ABUJA — THE Central Bank of Nigeria, CBN, has thrown its weight behind organised labour’s quest to increase the minimum wage, saying that it would boost the economy.
CBN Governor, Mr. Godwin Emefiele, disclosed the apex bank’s position while briefing the press on the outcome of yesterday’s Monetary Policy Committee, MPC, meeting, in Abuja.
Emefiele, who warned Deposit Money Banks against lending to politicians or abetting money laundering as campaigns for the 2019 general elections, expressed optimism that the proposed increase in the nation’s minimum wage would boost the economy through increased aggregate demand.
Meanwhile, the House of Representatives Committee on Labour, Employment and Productivity said yesterday that the National Assembly would give the minimum wage bill accelerated hearing and passage whenever it was presented by the executive arm of government.
The federal and state governments are still ironing out the issue of N30,000 minimum wage which the Tripartite Committee recommended to government, but which state governors disagreed with, saying they could not pay unless workers were sacked or their allocations increased.
President Muhammadu Buhari had on November 27, set up a 30-man National Minimum Wage Committee, headed by a former Head of Service of the Federation, Ms. Ama Pepple.
The committee had recommended N30,000 minimum wage for workers but state governors, who argued that they were not carried along, insisted it would be impossible to implement the proposed new minimum without reducing their workforce.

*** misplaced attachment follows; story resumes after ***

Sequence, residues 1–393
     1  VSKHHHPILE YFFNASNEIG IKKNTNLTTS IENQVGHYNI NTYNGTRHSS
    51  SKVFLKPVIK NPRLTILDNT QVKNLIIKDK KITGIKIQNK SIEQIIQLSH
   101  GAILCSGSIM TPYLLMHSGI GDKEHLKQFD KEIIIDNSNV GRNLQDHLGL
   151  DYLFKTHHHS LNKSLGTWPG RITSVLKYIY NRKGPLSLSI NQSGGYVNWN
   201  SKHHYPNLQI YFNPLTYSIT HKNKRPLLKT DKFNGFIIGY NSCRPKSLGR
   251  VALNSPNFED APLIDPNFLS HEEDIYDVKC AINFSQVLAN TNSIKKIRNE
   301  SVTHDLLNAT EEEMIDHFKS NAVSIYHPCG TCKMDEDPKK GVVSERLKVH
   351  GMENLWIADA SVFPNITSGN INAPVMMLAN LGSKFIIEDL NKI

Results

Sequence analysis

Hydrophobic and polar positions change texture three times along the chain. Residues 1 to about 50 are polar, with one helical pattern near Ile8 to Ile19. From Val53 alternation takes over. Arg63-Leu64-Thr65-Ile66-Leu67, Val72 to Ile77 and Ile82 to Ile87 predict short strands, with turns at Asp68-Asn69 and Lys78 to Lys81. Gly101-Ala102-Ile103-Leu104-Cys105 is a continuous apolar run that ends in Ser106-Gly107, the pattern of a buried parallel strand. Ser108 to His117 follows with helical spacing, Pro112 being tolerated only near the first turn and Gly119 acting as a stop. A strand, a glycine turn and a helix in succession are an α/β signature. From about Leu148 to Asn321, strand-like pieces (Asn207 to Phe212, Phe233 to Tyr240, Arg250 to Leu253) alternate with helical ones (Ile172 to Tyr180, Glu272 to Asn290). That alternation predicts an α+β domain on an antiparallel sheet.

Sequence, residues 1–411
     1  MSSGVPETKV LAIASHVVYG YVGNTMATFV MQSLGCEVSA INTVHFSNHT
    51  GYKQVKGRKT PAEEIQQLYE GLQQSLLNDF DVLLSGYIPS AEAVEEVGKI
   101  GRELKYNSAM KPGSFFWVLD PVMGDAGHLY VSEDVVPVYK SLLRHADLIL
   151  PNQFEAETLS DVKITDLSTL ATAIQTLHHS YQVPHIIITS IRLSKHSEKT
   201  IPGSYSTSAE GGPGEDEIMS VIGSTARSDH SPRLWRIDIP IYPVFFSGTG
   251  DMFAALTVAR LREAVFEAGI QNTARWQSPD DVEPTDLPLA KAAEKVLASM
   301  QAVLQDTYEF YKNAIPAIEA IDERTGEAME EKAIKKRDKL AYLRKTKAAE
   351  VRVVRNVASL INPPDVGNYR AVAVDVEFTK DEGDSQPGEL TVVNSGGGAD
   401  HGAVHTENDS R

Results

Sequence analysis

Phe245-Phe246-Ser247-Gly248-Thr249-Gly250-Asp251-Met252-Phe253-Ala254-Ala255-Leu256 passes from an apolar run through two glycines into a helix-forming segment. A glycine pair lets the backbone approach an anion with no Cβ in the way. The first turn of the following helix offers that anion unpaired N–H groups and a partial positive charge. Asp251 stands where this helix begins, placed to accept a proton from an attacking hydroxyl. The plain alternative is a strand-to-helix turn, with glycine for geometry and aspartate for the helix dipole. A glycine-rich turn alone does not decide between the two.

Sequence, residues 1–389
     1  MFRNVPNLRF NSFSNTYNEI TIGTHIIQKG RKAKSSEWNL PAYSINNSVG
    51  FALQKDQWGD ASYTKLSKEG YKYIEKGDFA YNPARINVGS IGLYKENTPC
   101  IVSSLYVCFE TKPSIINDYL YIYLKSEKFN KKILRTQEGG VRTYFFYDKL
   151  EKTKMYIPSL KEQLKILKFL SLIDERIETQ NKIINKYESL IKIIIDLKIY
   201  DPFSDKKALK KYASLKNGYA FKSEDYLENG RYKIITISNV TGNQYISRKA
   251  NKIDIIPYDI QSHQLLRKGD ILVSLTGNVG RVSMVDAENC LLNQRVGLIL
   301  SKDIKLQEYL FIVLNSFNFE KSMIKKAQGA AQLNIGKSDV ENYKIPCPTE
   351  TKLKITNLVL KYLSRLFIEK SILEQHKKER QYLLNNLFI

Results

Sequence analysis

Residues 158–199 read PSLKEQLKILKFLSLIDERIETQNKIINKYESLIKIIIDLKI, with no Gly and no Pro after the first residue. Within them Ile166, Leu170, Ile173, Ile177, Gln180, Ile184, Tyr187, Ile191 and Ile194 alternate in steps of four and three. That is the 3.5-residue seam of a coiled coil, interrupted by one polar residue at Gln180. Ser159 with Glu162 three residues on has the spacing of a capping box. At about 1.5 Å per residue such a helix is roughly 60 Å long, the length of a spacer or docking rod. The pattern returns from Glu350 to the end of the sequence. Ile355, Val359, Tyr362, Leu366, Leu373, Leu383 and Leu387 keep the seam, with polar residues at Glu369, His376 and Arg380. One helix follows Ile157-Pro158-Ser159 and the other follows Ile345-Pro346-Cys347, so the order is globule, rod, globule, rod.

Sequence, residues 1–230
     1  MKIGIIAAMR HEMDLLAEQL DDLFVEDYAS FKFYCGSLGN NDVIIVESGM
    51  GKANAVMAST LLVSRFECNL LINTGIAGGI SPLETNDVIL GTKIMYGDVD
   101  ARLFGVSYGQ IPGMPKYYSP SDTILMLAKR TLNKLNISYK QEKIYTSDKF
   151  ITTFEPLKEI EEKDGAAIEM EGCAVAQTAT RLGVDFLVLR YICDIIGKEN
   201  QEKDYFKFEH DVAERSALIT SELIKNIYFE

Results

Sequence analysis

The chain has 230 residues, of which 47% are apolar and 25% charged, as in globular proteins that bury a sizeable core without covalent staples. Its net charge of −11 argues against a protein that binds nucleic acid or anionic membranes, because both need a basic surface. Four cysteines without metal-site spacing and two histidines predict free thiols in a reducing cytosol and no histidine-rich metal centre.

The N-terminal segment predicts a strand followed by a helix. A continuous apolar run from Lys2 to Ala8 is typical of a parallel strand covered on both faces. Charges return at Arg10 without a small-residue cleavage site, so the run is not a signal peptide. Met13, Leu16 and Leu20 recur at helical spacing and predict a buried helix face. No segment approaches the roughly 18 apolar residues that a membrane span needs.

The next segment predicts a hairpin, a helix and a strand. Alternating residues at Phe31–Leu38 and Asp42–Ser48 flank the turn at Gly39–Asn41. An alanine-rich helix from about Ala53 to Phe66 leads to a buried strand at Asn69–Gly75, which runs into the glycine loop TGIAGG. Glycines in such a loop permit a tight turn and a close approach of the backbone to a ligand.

Minimum wage’ll boost demand
Expressing optimism that increased minimum wage increase would boost the economy, Emefiele said: “Given the negative output gap, the proposed increase in minimum wage would increase aggregate demand, it will stimulate output growth after the prolonged weak aggregate demand which was due to salary arrears and contractor debts.”
On possible inflationary impact of increased money supply due to increase in minimum wage, the CBN boss stated: “It’s impact on aggregate price level would be likely muted, given that aggregate demand has largely under-performed in the fiscal year of 2018.”
The CBN boss reiterated that the economy’s recovery from recession was tepid and that efforts should made to step up domestic aggregate demand through banks giving more access to credit to high employment generating sectors, with particular emphasis on Small and Medium Enterprises, SMEs.
This, he said, would be achieved with improvement in productivity in both the oil and non-oil sectors of the economy, improvement in harvest, exchange rate stability and addressing security challenges across the country.
The downside of the economic outlook, according to Emefiele, include reduced portfolio investment inflows, absence of fiscal buffers, low domestic credit and weak aggregate demand.
He, however, added that there would be an increased inflationary pressure towards the end of the year, largely due to consumer spending for the Christmas festivities, election-related spending and increased spate of implementation of the 2018 Federal Government budget.